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41 Essential Pop/Rock Songs with Accordion

No popular musical instrument has been more frequently maligned than the accordion. Despite gaining hipster cred in the 1990s, its role in pop remains underappreciated.

Jethro Tull – “Skating Away on the Thin Ice of a New Day” (1974)

The first track on side two of War Child, Jethro Tull’s followup to their pair of landmark prog-rock albums Thick As a Brick and A Passion Play, the delicate “Skating Away” leans heavily into their folk-rock past. Regular keyboardist John Evan’s accordion channels prog heaviness against Ian Anderson’s flute, supplemented by judicious riffs from Martin Barre’s electric guitar.

Richard & Linda Thompson – “Calvary Cross” – Live at the Oxford Polytechnic (1975)

Button accordion master John Kirkpatrick has been a mainstay on the British folk and folk-rock scene since 1959. He has played and toured with Richard Thompson on and off since 1972, and he played with folk-rock titans Steeleye Span from 1977 until the mid-1980s. No other accordionist has so effortlessly moved between traditional and rock music. In this stunning jam on one of Richard’s greatest songs, the marriage of guitar and accordion is so perfect it’s hard to believe they’re still one of the few bands ever to have tied the knot.

The Who – “Squeeze Box” (1975)

The Who’s only international #1 single, “Squeeze Box”, is an accordion rock song with not much of an accordion sound. But its music-hall double-entendre makes it pretty much the only rock song actually about an accordion. Or about sex with accordion as a transparent metaphor. Pete Townshend has always been dismissive of the composition and the instrument: “I had bought myself an accordion and learned to play it one afternoon … The accordion gave the song a polka-esque rhythm, and the lyrics, which I wrote for fun, were intended as a poorly aimed dirty joke. I had no thought of it ever becoming a hit but amazingly recorded by the Who, to my disbelief. Further incredulity was caused when it became a hit for us in the USA.” On the other hand, Roger Daltrey loves it, as do many fans.

Elton John – “Sorry Seems to Be the Hardest Word” (1976)

Given that his piano is in the middle of just about every Elton John composition, it’s not surprising that John’s arrangements seldom add an accordion. On the 1971 “Razor Face”, it’s there to conjure honky-tonk and country. On this number one single it’s part of the overkill of instruments aimed at the soft heart of our emotions. That’s old friend Carl Fortina putting it over the top, tapping inspiration from his more than 500 movie soundtrack recordings.

Billy Joel – “Vienna” (1977)

My 14-year-old self wore out this album the year it was released. Unlike some albums I wore out, this is one I no longer have and have never listened to since. But it is full of great pop songs, and the accordion in “Vienna” and “Scenes from an Italian Restaurant” effortlessly summons an exurban world not so distant from Springsteen’s “Sandy” or Mink DeVille’s “Love and Emotion.” Unlike those songs, “Vienna” doesn’t transcend or transform its material, and it doesn’t tap anything deep in the soul of rock and roll. But then, Billy Joel’s not trying to do that, either, and the solo perfectly captures the essence of his not trying. That the soloist is veteran Italian virtuoso Dominic Cortese, who had played on Dylan’s Desire and would solo on the Moonstruck soundtrack, just makes it more perfect.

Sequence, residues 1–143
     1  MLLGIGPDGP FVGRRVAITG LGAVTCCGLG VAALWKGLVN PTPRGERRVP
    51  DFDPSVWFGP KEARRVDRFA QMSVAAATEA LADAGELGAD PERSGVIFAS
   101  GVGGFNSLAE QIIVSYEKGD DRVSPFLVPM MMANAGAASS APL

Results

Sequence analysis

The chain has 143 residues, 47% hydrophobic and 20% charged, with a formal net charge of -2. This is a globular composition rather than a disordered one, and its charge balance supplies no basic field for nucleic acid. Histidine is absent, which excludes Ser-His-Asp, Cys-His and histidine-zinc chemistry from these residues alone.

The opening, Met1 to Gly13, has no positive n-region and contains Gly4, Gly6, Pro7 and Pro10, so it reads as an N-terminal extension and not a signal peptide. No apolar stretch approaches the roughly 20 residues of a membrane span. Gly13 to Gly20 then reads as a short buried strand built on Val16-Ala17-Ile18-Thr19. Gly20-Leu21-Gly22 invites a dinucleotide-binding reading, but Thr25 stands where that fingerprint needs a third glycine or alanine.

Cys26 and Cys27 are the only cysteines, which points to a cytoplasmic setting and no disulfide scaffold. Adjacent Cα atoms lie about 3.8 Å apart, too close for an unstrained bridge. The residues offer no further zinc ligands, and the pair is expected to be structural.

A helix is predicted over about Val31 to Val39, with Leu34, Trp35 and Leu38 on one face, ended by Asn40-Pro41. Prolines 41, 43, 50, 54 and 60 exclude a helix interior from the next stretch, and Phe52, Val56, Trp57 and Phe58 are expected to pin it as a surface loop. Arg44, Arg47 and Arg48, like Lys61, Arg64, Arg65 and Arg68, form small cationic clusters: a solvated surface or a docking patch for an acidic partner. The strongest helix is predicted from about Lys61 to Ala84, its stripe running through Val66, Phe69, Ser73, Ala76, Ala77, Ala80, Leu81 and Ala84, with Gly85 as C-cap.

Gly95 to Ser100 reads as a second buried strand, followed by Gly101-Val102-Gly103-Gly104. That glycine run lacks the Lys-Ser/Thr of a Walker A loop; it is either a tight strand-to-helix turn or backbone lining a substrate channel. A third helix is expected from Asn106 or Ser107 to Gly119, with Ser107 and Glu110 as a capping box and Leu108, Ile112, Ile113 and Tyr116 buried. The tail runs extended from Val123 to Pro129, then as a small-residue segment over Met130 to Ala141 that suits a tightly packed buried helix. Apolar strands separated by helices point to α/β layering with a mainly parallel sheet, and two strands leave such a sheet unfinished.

Styx – “Boat on the River” (1979)

Speaking of albums I wore out in 1977 and never listened to again—that would be Chicago-based Styx’s prog-lite breakthrough, The Grand Illusion. By 1979, I had moved on to punk, and they had hit the pop stratosphere. “Boat on the River” didn’t chart in the US but was a big hit in Europe. I love the portentous pop drama, the faux-gypsy vibe, and regular keyboardist Dennis DeYoung vamping on the instrument he was playing as a 14-year-old when the band’s core first came together.

Mink DeVille – “Love & Emotion” (1981)

Like Bruce Springsteen’s “Sandy”, this cult Jersey band’s music finds the heart of its local subjects by burrowing deep inside them. Louis Cortelezzi’s baritone sax introduces the irresistible hook and passes the love on to Kenny Margolis’s piano and accordion as Willy DeVille’s vocals provide all the emotion you could ever want.

Subway Sect – “Stop That Girl” (1981)

The opening guitar notes promise post-punk before the accordion melody shifts into proto-indie-pop, hearkening back to the bubbly vibe of a prior era. Vic Godard’s Subway Sect began performing in 1976 as a punk band but didn’t release their first album until 1980. No idea who’s playing, but it’s simple, tuneful, and sublime.

Fleetwood Mac – “Tusk” Live (1982)

When they took Tusk on tour, Fleetwood Mac keyboardist Christine McVie turned to the only single instrument capable of replacing the entire USC Trojan Marching Band on the album version of the title song. As she tells it: “It was just laying around the stage one day. I wasn’t sure what I was going to play on ‘Tusk’. I thought I might wind up playing some kind of percussion, but I just picked it up and started doing the riff.”

Elvis Costello & the Attractions – “The Long Honeymoon” (1982)

After his punk-era calling cards and some transitional experimenting, Elvis Costello’s next-level seventh album was sprawling, ambitious, and emotionally harrowing. But despite its stylistic range and varied instrumentation, Imperial Bedroom has always flowed in my head as one single breakup song. Attractions’ keyboardist Steve Nieve’s moody musette playing sets an ominous tone that never loosens its hold. It’s as if the Paris cafés of a romantic honeymoon linger on into the nightmare of a marriage doomed to failure.